An eagle is a rare creature, known to be bold and fearless. In the world of scouting, the eagle stands for strength of character and knowledge for all phases of scouting, representing an understanding and deep respect for the community and nation. Recently, Claire Capdevielle, South Bend, achieved the rank of Eagle Scout, the highest honor for youth members of the Boy Scouts of America (BSA).
“I joined my troop (Troop 3105, Lasalle Council) when I was 16,” noted Capdevielle. “I had been trying to find options to get into scouting since I was very little, long before girls were accepted into the BSA program. I tried out some other types of scouting, but it never quite fulfilled my dream of becoming proficient in outdoor skills and participating in great adventures like my older brothers.”
Becoming an Eagle Scout requires deep commitment, extensive work, and a completion of a total of 325 requirements.
“First, you must earn the ranks of Scout, Tenderfoot, Second Class, First Class, Star, and Life. To do this, you complete various requirements including outdoor survival skills, first aid, camping trips, cooking, fitness, and service. You also learn about citizenship and good communication. For the last three ranks, you also have to hold a position of leadership in your troop and earn merit badges. There are hundreds of merit badges covering pretty much every topic from computer science to aviation, but there are 14 required ones for Eagle. This includes physical activity-based badges like swimming and climbing, and community-focused ones like citizenship in the nation, society, and world. Additionally, you must complete a service project. The Eagle candidate plans and leads a team to complete a project benefiting the community in some way. There is a lot of creative freedom allowed in what kind of project is done,” shared Capdevielle.
Her family, specifically her older brothers who were also scouts, gave her the drive to tackle the rank of Eagle Scout.
“They both earned the rank of Life scout, the one right below Eagle,” said Capdevielle, noting she always looked up to her brothers. “When I joined scouting, I knew I had only two years, and I wanted to pack in as many experiences as possible into that time. The road to Eagle Scout definitely helped me have more adventures than I would have without aiming for this goal. Without the possibility of Eagle driving me, I might have said no to experiences that changed my life.”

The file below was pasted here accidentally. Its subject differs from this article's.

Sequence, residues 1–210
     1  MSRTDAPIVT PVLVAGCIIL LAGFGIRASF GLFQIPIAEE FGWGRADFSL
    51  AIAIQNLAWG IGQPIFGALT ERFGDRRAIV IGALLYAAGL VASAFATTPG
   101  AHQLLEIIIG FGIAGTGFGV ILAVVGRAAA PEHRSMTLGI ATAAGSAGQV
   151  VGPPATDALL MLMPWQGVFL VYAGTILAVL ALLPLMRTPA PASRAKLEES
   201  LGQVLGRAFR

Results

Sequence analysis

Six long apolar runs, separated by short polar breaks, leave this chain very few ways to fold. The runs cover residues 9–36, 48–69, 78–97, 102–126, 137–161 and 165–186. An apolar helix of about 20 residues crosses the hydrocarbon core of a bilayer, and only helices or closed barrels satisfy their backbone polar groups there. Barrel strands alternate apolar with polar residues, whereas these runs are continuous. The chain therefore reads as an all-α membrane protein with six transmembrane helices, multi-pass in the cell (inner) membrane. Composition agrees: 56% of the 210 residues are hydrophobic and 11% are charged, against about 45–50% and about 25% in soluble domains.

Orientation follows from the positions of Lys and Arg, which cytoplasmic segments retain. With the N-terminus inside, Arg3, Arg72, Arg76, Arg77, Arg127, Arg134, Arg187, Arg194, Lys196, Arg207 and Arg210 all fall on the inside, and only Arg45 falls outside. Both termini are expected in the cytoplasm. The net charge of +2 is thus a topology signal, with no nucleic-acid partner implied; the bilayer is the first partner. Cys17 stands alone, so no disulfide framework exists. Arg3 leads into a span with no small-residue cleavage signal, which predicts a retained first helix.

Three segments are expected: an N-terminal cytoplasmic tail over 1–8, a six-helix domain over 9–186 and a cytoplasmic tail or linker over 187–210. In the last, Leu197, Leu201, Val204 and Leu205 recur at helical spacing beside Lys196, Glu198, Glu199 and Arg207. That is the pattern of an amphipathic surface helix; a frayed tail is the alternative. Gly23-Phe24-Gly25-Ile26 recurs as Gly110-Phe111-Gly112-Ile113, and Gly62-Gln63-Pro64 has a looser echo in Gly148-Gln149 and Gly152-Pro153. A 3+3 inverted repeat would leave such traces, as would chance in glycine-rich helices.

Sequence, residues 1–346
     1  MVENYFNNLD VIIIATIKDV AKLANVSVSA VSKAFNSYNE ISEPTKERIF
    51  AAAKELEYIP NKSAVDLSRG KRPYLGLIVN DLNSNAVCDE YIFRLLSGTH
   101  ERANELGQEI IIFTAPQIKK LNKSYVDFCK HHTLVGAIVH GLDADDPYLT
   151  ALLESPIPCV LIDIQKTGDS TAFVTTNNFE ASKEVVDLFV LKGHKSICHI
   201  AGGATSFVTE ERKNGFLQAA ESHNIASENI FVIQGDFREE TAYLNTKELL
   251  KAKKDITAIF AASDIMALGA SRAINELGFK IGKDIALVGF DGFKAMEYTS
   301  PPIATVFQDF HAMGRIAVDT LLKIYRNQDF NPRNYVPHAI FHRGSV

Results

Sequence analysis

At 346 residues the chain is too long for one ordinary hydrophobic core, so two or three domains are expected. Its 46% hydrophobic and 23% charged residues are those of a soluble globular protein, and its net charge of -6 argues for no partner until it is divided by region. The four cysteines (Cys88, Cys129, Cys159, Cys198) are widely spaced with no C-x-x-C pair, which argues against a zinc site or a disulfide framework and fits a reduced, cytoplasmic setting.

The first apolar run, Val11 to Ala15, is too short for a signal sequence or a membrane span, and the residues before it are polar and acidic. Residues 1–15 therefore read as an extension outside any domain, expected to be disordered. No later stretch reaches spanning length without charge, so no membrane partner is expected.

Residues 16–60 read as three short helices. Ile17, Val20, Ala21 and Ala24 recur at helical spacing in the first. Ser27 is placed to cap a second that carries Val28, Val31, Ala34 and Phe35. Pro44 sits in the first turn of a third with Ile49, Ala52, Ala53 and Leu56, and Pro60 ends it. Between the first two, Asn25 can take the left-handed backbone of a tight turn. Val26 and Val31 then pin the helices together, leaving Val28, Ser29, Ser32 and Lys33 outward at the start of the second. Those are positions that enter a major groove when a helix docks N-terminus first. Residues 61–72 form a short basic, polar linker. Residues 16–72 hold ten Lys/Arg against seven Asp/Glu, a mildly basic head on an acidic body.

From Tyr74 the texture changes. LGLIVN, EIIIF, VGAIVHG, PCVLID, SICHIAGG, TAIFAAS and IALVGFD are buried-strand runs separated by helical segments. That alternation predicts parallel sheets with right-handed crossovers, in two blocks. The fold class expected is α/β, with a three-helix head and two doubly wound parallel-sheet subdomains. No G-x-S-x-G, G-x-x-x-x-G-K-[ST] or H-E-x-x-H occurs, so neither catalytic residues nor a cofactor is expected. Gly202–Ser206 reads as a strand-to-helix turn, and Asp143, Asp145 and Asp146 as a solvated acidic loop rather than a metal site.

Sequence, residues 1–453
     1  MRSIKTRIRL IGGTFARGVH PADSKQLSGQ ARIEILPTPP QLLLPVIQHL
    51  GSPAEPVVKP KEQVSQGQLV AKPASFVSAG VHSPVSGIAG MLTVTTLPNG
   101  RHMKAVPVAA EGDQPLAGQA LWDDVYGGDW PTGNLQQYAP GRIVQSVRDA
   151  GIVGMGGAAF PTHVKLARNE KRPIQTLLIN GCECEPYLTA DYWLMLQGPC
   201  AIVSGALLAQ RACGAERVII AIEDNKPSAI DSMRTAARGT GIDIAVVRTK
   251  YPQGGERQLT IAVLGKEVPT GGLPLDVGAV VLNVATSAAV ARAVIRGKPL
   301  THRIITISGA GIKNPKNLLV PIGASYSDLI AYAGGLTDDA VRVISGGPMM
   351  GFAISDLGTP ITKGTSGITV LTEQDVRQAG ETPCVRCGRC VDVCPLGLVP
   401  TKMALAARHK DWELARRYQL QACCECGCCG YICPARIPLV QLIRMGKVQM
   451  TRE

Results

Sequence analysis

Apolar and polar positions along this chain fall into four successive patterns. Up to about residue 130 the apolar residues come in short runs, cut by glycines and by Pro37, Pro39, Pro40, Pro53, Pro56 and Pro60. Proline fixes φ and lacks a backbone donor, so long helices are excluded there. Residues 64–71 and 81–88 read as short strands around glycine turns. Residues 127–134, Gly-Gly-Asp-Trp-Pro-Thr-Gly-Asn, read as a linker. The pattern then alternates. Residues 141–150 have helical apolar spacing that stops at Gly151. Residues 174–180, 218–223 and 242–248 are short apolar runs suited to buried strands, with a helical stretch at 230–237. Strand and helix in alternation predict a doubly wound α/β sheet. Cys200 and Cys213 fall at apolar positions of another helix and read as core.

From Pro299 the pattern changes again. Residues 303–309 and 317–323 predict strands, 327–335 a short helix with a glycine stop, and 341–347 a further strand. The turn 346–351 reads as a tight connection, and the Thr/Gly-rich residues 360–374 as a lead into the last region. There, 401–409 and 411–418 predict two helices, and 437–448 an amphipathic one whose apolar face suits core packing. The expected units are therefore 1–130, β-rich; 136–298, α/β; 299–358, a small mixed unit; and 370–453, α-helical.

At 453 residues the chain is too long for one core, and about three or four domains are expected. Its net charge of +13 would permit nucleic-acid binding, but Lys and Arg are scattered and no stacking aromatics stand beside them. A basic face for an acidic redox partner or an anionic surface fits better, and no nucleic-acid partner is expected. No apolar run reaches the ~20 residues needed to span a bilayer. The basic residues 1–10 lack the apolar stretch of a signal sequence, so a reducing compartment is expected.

She did various projects during her quest including service hours at Our Lady of the Road in South Bend serving breakfast. It is a place where anyone can take showers, do laundry, have breakfast, rest, and enjoy conversation with guests.
“It’s always great to get to sit down with the guests and talk to them after the serving is done. It can be easy to forget about these members of our community, but this experience always helps me to feel connected to those who are struggling, and feeling connected inspires me to want to do more for them,” said Capdevielle.
Her Eagle Scout project was planting a row of bushes in front of the Our Lady of the Road center to serve as a green fence. Capdevielle’s most memorable moment of the project was seeing it when it was complete.
“It was November and very cold. My dad and I were finishing off the project by ourselves. We had an awesome work crew for our first day, but we decided to add mulch for the bushes, which meant a second day of work. I remember kneeling in the cold spreading the mulch around the newly planted bushes with my hands. It was hard work, but it was incredibly rewarding to step back and look at my work,” recalled Capdevielle.
Capdevielle said scouting has impacted most areas of her life.
“I’ve formed new bonds with people I would never have met, in my troop and community, and at the two scout camps I attended and staffed. I’ve become closer to my family, especially my parents who were with me every step of the trail to Eagle. I’ve been tested physically, have led even when I felt no more experienced than the people I had to lead, and have learned and grown so much over the past few years,” said Capdevielle. “I think I will be much more confident as I take on the next challenges life brings because of this experience.”
Capdevielle will continue her life in scouting by staying with her troop as an adult leader, hopefully going on a caving trip this fall. She also plans on working as staff for Camp Tamarack and Trail to Eagle. Professionally, she strives to become a film director and possibly an actor.
“I will be studying film at the University of Notre Dame this fall. I hope I can one day make films for young people that can spread a message of hope. It’s important to reflect on the reality of the problems in the world, but I want to tell stories that emphasize the ways we can overcome those problems. I think we need more heroes who understand honor, integrity, and dignity. I’d like to bring those heroes to the world through film,” said Capdevielle.
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